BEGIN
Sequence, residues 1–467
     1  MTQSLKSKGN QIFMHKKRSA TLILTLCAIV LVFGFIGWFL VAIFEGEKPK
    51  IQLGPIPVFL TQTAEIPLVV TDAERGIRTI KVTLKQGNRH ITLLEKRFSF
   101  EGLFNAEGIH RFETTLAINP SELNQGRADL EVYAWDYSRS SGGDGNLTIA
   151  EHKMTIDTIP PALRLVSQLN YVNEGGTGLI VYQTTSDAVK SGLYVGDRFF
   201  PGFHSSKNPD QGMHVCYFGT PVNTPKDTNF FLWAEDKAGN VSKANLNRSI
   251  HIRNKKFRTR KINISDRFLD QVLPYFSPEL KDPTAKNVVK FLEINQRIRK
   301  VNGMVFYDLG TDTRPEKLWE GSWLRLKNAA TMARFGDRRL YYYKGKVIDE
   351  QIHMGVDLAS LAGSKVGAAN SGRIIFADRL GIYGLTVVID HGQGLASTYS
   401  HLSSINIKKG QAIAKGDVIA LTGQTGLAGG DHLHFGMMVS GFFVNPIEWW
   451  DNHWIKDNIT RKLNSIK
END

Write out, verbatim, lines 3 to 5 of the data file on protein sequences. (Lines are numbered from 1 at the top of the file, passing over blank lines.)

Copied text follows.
    51  IQLGPIPVFL TQTAEIPLVV TDAERGIRTI KVTLKQGNRH ITLLEKRFSF
   101  EGLFNAEGIH RFETTLAINP SELNQGRADL EVYAWDYSRS SGGDGNLTIA
   151  EHKMTIDTIP PALRLVSQLN YVNEGGTGLI VYQTTSDAVK SGLYVGDRFF